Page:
There is a human tendency to focus on small rather than big issues. This is for a number of reasons. Firstly life is made up of small things and we can all relate to everyday tribulations better than big picture issues. Also we feel more that small things can be controlled whereas big ones cannot.
When it comes to “cleaning up” the relationship between doctors and the pharmaceutical industry there has also been a tendency to focus on the small things. It is easy to criticize pens bearing logos or post it notes. These literally cost cents but are highly visible.
Meals for doctors (usually GPs) attending postgraduate events, which by the way are compulsory under assorted government regulations, are also a soft target. In Australia, The USA and soon Europe there needs to be declarations by companies on how much money they spend on hospitality.
Having been to various dinners in years past I can say the food is generally fine but not extraordinary. The cost per head for dinner will obviously vary. As do sponsored lunches where the cost is around $10 per head.
Again it is easy to target the free meal.
These things miss the main game completely!
There are two major areas of pharmaceutical industry funding which gets next to no attention for two reasons. The first is that it is better hidden and the second is it is harder to understand than a pen or a meal.
The first bid spend is on speakers. Whenever doctors attend an educational event there is a speaker who is generally a professor or specialist. Speakers cost money. For the first time Australian figures have been released. These show payments of $600,000 to 376 doctors for “honoraria” work in the first three months of 2013. This is for speaking and advisory work. The latter includes sitting on committees and other panels.
The highest figure was $2700 per neurologist to attend a meeting in Melbourne. When one looks at the relative spends, the amount spent on “honoraria” is generally five to ten time that spent on food!
In the USA the website Propublica has been running a long-term investigation into payments to doctors by industry. Its latest revelation is that the top twenty prescribers of a drug for high blood pressure were paid between $1250 and $87,000 in speaking fees by the drugs manufacturer.
The biggest issue remains the conflicts of interest between doctors (generally specialists and academics) who provide education to other doctors without declaring their interest. And who sit on advisory panels, in hospitals or for government also without declaring interest.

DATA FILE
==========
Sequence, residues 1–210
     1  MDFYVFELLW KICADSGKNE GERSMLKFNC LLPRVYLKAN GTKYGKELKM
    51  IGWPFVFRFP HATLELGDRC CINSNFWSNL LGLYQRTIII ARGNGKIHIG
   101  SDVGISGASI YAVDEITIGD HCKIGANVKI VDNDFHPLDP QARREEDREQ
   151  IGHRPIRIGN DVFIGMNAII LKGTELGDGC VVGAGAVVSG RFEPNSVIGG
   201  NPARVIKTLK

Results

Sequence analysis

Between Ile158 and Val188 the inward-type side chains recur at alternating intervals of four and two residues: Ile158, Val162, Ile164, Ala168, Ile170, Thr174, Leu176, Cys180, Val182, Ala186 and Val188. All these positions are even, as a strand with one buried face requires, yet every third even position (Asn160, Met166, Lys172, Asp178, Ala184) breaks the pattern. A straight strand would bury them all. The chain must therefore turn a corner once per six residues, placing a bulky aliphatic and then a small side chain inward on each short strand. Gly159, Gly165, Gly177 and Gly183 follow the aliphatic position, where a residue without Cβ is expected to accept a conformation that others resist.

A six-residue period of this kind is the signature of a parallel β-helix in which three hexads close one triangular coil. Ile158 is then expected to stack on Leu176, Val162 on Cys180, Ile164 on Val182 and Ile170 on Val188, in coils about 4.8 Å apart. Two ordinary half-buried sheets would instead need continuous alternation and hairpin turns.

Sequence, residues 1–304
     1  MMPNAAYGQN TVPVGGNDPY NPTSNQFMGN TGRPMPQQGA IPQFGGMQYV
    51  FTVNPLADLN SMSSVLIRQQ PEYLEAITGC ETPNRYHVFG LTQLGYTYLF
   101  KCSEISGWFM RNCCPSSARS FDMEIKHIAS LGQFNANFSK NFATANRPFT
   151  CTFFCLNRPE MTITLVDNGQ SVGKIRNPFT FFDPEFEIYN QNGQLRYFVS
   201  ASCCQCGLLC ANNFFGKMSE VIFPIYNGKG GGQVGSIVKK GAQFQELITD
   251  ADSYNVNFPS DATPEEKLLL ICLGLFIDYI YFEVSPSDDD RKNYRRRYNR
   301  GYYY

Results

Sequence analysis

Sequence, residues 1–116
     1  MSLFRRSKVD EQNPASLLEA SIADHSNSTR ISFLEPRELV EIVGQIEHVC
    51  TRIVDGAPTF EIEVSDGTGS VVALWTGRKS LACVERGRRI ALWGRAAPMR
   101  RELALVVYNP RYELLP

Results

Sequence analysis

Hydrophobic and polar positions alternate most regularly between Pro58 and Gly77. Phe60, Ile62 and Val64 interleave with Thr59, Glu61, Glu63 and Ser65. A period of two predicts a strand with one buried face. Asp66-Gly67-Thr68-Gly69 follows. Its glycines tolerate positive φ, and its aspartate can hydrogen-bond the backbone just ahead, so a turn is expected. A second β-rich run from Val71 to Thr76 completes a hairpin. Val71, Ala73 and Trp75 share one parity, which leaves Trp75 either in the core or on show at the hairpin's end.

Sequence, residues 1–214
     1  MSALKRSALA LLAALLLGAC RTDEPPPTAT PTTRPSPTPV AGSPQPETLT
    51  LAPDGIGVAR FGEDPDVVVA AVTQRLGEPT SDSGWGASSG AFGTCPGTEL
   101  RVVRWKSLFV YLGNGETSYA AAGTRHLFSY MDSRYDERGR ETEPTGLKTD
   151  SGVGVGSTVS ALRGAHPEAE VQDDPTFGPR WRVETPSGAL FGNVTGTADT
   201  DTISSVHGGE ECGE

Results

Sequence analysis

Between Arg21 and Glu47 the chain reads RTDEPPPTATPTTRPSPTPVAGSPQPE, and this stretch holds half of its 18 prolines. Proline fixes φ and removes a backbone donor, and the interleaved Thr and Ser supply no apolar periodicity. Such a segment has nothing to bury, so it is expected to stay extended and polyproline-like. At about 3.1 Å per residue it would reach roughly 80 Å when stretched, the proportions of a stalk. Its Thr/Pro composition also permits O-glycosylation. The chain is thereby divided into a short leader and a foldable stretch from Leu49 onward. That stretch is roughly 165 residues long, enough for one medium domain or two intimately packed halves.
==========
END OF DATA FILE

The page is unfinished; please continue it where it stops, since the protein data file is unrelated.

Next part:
In fact declaring an interest is not actually the answer. In sport you cannot play for a team and umpire the game at the same time. It does not work. Being a paid advisor to a company should preclude you from advising others on the merits of the products made by those who pay you. Or if you do recommend them then it can only be done as a representative of the company. Hence the information provided is not seen as “independent”.
When decisions were made about the swine flu vaccination some 64% of doctors on advisory panels had financial ties to vaccine makers. They are not independent. I do not doubt they genuinely believe their recommendations but in turn that is usually why the companies pick them. There is no need to convince someone who shares your view of the world!
There is nothing wrong with doctors working for industry and getting paid to do so. There is something very wrong with lack of transparency and doing two roles, which are not compatible with each other. Much has been written about how industry uses “key opinion leaders’. This sways guidelines, government policies and even sways courts. When some seven in ten adults in the USA take at least one prescription drug this matters.
In turn doctors who want to run an independent line are under significant pressure to toe the “party line’. The same party line is in many instances being corrupted and not independent.
So forget pens and meals. The main game is advisory roles. That is where the money is. Rule number one is to follow the money.